Russia warned Europe’s human rights tribunal it risks opening a “Pandora’s box” of politically motivated cases if it accepts Ukraine’s claims that Moscow-led forces committed atrocities in the Crimea.
The legal gambit by Russia’s Deputy Justice Minister Mikhail Galperin came as both sides faced off at the first public hearing at the European Court of Human Rights in the bitter dispute triggered by Russia’s take over of the Black Sea peninsula. Galperin’s move was quickly dismissed by the Ukrainian
side, which pointed to independent evidence from the United Nations to corroborate allegations.
“Ukraine’s written submissions are defective in many ways because they’re political” and are based “more on propaganda than direct evidence,” Galperin told a packed courtroom in Strasbourg, France.
Galperin then told the judges that if they accept the Ukraine case, a subsequent flood of other politically motivated cases “would obstruct the proper role of the court.”
Russia was suspended from the assembly of the Council of Europe, which oversees the human rights court, for its aggression and was only readmitted in June. Ukraine, which has brought four other applications against Russia before the court, also claims Russian militia harassed and intimidated priests and journalists, which Russia also denies.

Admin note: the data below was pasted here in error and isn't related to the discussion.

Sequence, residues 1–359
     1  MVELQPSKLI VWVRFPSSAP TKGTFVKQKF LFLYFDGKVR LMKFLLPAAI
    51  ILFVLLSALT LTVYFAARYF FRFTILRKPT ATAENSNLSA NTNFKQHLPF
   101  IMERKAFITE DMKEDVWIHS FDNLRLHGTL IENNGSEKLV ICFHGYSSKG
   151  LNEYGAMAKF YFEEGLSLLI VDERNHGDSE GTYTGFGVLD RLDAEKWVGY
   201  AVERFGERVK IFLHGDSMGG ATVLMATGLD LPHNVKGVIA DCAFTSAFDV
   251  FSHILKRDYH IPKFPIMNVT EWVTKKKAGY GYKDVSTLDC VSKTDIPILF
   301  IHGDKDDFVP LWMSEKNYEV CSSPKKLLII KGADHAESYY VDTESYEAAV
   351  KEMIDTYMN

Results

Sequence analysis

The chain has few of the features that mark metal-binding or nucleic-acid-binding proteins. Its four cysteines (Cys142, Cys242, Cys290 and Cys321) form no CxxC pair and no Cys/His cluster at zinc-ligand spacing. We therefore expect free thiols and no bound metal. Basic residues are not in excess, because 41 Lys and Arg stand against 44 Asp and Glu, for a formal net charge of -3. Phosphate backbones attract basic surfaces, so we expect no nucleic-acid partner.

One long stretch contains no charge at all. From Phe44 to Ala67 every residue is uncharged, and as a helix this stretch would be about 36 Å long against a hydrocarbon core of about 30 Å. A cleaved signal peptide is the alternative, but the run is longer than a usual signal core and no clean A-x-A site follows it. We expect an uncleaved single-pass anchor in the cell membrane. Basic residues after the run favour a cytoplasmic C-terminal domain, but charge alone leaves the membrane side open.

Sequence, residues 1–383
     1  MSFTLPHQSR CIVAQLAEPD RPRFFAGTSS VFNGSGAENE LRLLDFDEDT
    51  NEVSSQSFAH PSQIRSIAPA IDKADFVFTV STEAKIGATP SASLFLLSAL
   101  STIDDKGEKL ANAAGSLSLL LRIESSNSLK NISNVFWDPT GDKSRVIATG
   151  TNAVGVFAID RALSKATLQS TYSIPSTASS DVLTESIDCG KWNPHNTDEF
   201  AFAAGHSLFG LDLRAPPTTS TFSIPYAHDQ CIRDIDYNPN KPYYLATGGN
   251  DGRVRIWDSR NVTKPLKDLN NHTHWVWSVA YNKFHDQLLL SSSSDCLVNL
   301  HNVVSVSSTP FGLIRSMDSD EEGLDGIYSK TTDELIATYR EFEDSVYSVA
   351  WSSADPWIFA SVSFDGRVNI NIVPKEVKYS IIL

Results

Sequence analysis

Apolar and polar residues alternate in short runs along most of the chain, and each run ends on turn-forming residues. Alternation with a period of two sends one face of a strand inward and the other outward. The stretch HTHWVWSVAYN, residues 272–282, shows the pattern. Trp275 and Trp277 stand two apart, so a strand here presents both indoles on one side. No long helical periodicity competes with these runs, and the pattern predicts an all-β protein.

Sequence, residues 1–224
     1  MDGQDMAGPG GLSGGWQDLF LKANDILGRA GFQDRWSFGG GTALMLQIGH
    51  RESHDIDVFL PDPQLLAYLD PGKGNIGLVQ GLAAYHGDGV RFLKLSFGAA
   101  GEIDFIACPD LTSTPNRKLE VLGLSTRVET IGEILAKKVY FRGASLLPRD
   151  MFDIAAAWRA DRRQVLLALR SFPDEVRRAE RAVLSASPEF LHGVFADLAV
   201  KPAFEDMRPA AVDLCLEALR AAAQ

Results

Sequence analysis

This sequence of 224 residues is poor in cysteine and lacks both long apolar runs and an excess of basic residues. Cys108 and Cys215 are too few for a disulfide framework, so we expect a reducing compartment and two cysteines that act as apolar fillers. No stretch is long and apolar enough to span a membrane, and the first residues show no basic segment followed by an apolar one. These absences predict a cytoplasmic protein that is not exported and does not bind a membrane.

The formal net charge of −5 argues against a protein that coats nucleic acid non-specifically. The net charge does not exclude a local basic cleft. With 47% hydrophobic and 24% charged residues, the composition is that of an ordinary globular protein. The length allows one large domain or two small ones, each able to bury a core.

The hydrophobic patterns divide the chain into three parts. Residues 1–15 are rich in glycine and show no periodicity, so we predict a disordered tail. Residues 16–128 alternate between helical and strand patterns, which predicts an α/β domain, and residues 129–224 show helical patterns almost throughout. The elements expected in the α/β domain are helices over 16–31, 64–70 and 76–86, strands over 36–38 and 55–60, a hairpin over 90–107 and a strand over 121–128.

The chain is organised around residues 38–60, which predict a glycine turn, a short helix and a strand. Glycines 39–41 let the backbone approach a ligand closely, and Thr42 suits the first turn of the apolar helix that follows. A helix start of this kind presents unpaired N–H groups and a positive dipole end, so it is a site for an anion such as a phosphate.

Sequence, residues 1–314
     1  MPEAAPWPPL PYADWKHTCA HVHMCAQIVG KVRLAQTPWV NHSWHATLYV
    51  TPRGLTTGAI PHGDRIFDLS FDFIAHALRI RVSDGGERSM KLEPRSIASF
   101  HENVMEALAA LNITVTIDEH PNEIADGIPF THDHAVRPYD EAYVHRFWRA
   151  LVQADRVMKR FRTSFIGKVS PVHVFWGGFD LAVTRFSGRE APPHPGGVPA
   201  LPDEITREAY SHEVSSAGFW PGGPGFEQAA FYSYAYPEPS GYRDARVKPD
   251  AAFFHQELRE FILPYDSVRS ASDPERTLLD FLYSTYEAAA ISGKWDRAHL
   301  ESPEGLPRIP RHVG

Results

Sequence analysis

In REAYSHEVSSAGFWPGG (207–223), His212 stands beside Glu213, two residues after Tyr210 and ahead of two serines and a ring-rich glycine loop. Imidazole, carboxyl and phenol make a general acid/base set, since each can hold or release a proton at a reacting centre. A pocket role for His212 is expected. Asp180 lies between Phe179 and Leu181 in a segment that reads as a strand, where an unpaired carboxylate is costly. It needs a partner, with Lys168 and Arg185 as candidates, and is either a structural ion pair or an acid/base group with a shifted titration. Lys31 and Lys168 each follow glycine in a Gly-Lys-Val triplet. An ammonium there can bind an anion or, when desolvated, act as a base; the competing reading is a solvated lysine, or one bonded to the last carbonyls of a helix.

Ben Emmerson, counsel for Ukraine, said the reason there are not more witnesses and witness testimony is that Russia had deliberately blocked access to investigators in Crimea.
Nevertheless, he said independently corroborated reporting by the United Nations Officer of the High Commissioner for Human Rights shows human rights violations, including torture of Ukrainian officers using electricity and knives. “The UN assesses there has been a dramatic worsening of human rights violations since Russia’s occupation of Crimea,” he said. “This is serious and credible evidence that requires serious investigation and more than meet the admissibility threshold.”
Michael Swainston, a lawyer for Russia in the case, added that Ukraine’s allegations are “overwhelmingly political that fail to meet the admissibility criteria” and should not be accepted for judgment.
“Where are the witness statements?” Swainston asked the court. “If Ukraine had a genuine case, there would be lots of statements from victims.”
Russia’s readmission to the Council of Europe assembly was supported by Germany and France, and at the G-7 Summit in Biarritz, French President Emmanuel Macron said isolating Russia from Europe would be a “profound” error.
Russia has shown little respect for other international courts where it’s been sued over its annexation of Crimea.